Communicate alteplase dose and indication
From the August 28, 2008 issue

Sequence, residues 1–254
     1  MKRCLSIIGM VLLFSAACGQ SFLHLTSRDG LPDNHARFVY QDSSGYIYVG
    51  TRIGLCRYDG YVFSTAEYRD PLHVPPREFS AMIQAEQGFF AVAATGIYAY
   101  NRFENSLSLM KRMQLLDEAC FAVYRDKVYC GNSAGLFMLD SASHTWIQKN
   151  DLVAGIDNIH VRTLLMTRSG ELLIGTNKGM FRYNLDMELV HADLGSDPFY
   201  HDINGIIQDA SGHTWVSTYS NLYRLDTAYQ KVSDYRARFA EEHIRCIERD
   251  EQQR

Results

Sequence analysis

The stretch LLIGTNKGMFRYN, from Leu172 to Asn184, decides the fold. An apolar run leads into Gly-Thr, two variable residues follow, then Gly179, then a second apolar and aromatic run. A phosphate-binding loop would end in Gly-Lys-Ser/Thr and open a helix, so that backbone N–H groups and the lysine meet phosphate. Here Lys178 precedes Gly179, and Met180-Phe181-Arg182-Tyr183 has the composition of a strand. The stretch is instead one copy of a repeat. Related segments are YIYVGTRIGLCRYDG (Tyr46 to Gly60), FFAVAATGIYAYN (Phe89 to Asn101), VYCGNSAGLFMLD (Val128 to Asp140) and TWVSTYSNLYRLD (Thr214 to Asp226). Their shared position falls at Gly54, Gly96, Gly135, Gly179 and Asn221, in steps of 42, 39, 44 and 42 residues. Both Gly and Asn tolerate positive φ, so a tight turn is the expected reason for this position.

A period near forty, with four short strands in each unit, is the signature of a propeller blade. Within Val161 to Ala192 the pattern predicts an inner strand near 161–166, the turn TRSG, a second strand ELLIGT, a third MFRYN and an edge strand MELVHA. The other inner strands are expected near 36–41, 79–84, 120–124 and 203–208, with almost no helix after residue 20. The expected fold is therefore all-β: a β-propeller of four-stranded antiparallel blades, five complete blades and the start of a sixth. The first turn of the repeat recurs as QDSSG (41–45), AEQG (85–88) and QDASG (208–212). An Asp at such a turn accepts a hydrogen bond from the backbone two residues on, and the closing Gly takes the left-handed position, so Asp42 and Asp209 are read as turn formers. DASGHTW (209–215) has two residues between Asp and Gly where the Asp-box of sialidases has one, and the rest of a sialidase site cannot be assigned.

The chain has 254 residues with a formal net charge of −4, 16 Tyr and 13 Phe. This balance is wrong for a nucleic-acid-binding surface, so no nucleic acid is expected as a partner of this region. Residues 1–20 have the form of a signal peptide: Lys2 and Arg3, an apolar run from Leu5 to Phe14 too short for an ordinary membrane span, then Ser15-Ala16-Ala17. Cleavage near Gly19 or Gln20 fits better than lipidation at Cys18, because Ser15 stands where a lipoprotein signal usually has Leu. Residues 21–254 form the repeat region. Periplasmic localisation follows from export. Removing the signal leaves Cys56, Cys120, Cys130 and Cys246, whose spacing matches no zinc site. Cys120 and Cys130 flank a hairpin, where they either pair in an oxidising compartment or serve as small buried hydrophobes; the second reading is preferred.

A patient who was undergoing a procedure in an interventional radiology department suffered respiratory arrest attributed to an acute pulmonary embolism. The physician in charge of the procedure called a code and requested ACTIVASE (alteplase) 100 mg IV. One of the pharmacists who attended the code called the central pharmacy’s IV additive service staff and asked for “tPA” (tissue plasminogen activator), a common but error-prone synonym for alteplase. Because the call came from the interventional radiology department, and the prescribed dose and intended use were not communicated, the pharmacy staff thought the medication was indicated for another use in the interventional radiology department, restoration of central venous catheter function. Thus, the pharmacy dispensed a 2 mg/2 mL syringe of CATHFLO ACTIVASE (alteplase; available in 2 mg lyophilized powder vials) instead of the 100 mg dose. The physician running the code, along with a myriad of physician residents in the room, assumed the dispensed syringe contained the correct dose to treat a pulmonary embolism and administered it. (The correct dose is 100 mg IV over 2 hours). Sadly, the patient died, although it’s unclear what impact, if any, the medication error had on his death. One potential source of confusion can be attributed to the fact that each product is available under the brand name Activase, although the catheter restoration product is named Cathflo Activase. Also confusing is the variable dosing for several labeled and off-label uses of alteplase, including coronary artery thrombi, acute ischemic stroke, acute pulmonary embolism, acute peripheral arterial occlusive disease, central venous catheter clearance, and even frostbite or pleural effusion. In non-urgent cases, using disease-specific protocols and order forms would reduce the possibility of errors. In emergencies, the purpose of the drug should be communicated with the order if disease-specific order sets cannot be used due to time constraints. Complete orders (i.e., dose, route, administration directions, in this case) should always be communicated, and pharmacy should not dispense medications without full prescribing information. Although it did not play a primary role in this error, alteplase should never be called tPA, as this abbreviation has been misunderstood and misread as TNKase (tenecteplase).